One factor that affects depth of field is the sensor size. Simply put: the smaller the sensor, the more extended your depth of field in any given image.
This is an approximation and simplification (it also depends on angle of view, point of view, etc) but it is good for us as photographers.
Clearly, this means that if we want blurry backgrounds, we want large sensors. So what are the choices?
- Lower-end (and many higher-end!) point-and-shoot cameras usually have very small sensors. These do not make it easy to get blurry backgrounds!
- Then there are “almost-APS-C” sensors such as the “Micro four thirds” format – these are almost as big as a crop camera’s sensor. Micro four third cameras are twice as small as a negative. This is the trend in small cameras.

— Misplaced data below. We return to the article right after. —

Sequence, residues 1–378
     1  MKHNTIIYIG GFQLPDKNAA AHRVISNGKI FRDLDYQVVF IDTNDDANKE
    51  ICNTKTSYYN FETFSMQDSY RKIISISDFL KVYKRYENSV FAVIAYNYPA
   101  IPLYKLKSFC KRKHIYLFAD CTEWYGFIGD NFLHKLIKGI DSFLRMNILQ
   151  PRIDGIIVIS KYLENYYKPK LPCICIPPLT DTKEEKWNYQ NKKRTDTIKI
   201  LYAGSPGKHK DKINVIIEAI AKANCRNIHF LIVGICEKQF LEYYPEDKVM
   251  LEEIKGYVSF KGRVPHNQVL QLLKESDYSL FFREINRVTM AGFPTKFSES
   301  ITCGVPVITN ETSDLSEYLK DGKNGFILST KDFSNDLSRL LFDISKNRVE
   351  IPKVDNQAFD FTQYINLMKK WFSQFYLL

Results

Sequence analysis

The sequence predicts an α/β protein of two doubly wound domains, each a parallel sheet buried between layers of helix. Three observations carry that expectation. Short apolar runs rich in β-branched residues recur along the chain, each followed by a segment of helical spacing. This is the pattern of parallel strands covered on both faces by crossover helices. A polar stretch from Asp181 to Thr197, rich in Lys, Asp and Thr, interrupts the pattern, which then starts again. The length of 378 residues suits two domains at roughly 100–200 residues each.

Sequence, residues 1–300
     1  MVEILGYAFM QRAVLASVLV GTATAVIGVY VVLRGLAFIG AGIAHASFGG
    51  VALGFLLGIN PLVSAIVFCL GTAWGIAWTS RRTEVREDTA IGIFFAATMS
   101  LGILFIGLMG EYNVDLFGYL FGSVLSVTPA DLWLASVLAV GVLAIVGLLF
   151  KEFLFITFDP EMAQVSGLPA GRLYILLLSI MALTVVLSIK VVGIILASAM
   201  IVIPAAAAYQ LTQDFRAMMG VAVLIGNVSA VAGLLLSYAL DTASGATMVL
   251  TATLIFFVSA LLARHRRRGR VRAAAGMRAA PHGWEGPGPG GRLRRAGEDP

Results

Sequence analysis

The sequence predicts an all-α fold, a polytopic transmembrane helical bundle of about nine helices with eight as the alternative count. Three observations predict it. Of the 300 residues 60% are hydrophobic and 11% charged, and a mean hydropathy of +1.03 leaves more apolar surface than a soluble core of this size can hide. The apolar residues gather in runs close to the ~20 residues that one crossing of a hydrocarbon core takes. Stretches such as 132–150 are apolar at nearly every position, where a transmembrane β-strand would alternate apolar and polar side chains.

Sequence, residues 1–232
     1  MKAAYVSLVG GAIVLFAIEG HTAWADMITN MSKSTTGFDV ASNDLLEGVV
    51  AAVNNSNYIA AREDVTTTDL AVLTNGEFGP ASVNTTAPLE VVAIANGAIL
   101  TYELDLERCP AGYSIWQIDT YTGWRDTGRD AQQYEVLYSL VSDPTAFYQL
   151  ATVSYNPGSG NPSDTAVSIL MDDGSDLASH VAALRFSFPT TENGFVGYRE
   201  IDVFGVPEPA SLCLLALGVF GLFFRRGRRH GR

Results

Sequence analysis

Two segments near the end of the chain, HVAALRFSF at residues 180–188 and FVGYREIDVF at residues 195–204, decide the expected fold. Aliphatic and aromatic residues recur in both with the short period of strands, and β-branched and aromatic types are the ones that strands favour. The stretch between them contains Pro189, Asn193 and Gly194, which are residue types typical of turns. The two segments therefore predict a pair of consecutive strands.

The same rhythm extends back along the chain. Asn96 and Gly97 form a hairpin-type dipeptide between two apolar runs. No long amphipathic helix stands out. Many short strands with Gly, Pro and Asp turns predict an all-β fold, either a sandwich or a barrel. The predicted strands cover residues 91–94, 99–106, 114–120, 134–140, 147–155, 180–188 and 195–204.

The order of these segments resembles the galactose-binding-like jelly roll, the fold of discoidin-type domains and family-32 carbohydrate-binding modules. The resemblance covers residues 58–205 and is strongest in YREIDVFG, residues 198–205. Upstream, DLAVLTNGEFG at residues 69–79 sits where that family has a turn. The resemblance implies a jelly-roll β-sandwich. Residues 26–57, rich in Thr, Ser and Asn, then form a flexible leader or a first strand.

- The next step up is the APS-C crop sensor – 1.6 times smaller than a negative for Canon; 1.5 times for a Nikon. Most DSLRs have this size sensor. Some small cameras now also do (like my Fuji X100).
- Next, there is a Canon-only size that is 1.3 smaller than a negative – this is the 1D’s format.
- And finally, there is the full-frame sensor – it is exactly the size of a 35mm negative.
The bigger the better – also because a larger sensor gives you lower noice and hence higher ISO capability, and a larger, brighter viewfinder.
And this is why we are seeing today’s wonderful move to larger sensors. So my advice: when buying your new camera, do ask how large the sensor is, and go for the largest one you can afford.